We remember that Cain sarcastically asked God in Genesis, “Am I my brother’s keeper?”

To the Christian, the answer to this question is “Yes!”

Even if the rest of society rejects the poor and hopeless, Christians have an obligation to love and care for their need!

Proverbs 3:27 Do not withhold good from those to whom it is due, When it is in the power of your hand to do so.

1 Corinthians 10:23-24 All things are lawful for me, but not all things are helpful; all things are lawful for me, but not all things edify. Let no one seek his own, but each one the other’s well-being.

1 Timothy 6:18  Let them do good, that they be rich in good works, ready to give, willing to share…
After rebuking Scrooge for his failure to provide for the needs of the unfortunate, the Ghost of Christmas Present disappears, and Scrooge comes beholds “a solemn Phantom, draped and hooded, coming, like a mist along the ground, towards him.”

The Ghost of Christmas Yet to Come

The most terrifying of the three spirits, the Ghost of Christmas Yet to Come remains silent in spite of Scrooge’s pleadings for clarity.  Fearfully, the phantom leads Scrooge past business men discussing someone who has recently deceased, scoffing at the poor soul’s demise.  The identity of the dead man remains a mystery, but the spirit silently reveals that the future brings not just one death, for Tiny Tim has succumbed to his illness and passed away as well, to Scrooge’s despair.

Later, when they enter a graveyard Scrooge inquires just who the anonymous dead man from before might be, the spirit merely points to a neglected grave bearing the name of none other than Ebenezer Scrooge.

In sincere terror an earnest pleading, Scrooge tries to reason with the Ghost of Christmas Yet to Come.

“Spirit!” he cried, tight clutching at its robe, “hear me! I am not the man I was. I will not be the man I must have been but for this intercourse. Why show me this, if I am past all hope...  Good Spirit,” he pursued, as down upon the ground he fell before it: “Your nature intercedes for me, and pities me. Assure me that I yet may change these shadows you have shown me, by an altered life! The Spirits of all Three shall strive within me. I will not shut out the lessons that they teach… Oh, tell me I may sponge away the writing on this stone!”

The Redemption of Scrooge

After the fright of his life, Scrooge awakens once more to find that the last spirit dissolved into his bedpost.  Scrooge eagerly arose, a man changed in heart with time left to change his deeds!

“Best and happiest of all, the Time before him was his own, to make amends in!”

Thus we see a complete turnaround in the life of Scrooge!  The old miser was transformed into a kind-hearted man of charity and neighborly love.  He gives to the poor, visits his nephew, and starts to treat the Cratchit family with loving care.

Scrooge was better than his word. He did it all, and infinitely more; and to Tiny Tim, who did not die, he was a second father. He became as good a friend, as good a master, and as good a man, as the good old city knew, or any other good old city, town, or borough, in the good old world.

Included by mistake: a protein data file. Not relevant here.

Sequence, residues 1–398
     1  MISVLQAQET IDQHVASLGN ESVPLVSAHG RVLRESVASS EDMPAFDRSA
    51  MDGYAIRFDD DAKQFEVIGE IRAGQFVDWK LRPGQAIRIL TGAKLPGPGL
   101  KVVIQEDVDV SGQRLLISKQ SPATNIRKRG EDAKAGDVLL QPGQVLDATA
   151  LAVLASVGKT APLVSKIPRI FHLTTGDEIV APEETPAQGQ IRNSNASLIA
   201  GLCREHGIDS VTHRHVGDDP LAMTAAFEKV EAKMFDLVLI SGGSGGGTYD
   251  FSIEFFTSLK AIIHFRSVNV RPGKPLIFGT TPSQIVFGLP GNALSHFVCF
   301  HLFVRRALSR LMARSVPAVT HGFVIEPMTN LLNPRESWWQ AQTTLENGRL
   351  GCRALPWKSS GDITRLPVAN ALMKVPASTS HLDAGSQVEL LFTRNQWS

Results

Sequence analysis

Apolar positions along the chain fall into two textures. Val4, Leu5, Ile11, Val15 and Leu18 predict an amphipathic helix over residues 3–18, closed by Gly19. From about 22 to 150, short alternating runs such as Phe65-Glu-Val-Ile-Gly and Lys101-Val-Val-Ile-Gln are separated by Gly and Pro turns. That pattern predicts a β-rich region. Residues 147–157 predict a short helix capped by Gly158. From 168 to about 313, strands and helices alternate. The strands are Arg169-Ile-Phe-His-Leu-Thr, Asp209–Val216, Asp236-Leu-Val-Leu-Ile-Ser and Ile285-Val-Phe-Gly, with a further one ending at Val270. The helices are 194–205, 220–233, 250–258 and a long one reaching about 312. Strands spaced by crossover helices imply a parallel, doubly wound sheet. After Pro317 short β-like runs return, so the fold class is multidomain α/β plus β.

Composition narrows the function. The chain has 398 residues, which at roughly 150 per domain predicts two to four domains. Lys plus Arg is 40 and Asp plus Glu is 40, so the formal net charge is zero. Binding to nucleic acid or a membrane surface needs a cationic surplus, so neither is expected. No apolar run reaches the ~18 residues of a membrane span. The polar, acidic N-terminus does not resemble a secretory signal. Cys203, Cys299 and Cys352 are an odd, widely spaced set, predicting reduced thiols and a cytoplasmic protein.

Like Scrooge we are presented with an opportunity toward redemption!  We can also go through a glorious transformation.

Ephesians 4:22-23 That you put off, concerning your former conduct, the old man which grows corrupt according to the deceitful lusts, and be renewed in the spirit of your mind…

The Holy Spirit:  Our Own Spectral Guide to Redemption

At first, one might think that unlike Scrooge we will have no well-meaning ghostly visitors to help guide us onto the path to redemption.  However, we do have at least one Spirit we can put our faith in.  Through the compelling of our conscience, the Holy Spirit tugs at our heartstrings to the point of repentance!

John 16:13 However, when He, the Spirit of truth, has come, He will guide you into all truth; for He will not speak on His own authority, but whatever He hears He will speak; and He will tell you things to come.

John 16:8 And when He has come, He will convict the world of sin, and of righteousness, and of judgment...

While this doesn’t sound like much fun, being rebuked and convicted of our sins, we know that being “pricked in the heart” yields great change!

2 Corinthians 7:10 For godly sorrow produces repentance leading to salvation, not to be regretted; but the sorrow of the world produces death.

Conclusion: "The Ends will Change"

Reflecting on his journeys, Scrooge wisely stated:

“Men's courses will foreshadow certain ends, to which, if persevered in, they must lead… But if the courses be departed from, the ends will change.”

As believers, we know the “certain end” of a life of sin is death (Romans 6:23) and that only the Narrow Way leads to eternal life (Matthew 7:13-14)

We can continue down that path of destruction, or, like Scrooge, we can repent.  We can turn our hearts over to God through the redirection of the Holy Spirit and Christ will gladly lift us up in sanctification.

Ezekiel 18:21 But if a wicked man turns from all his sins which he has committed, keeps all My statutes, and does what is lawful and right, he shall surely live; he shall not die.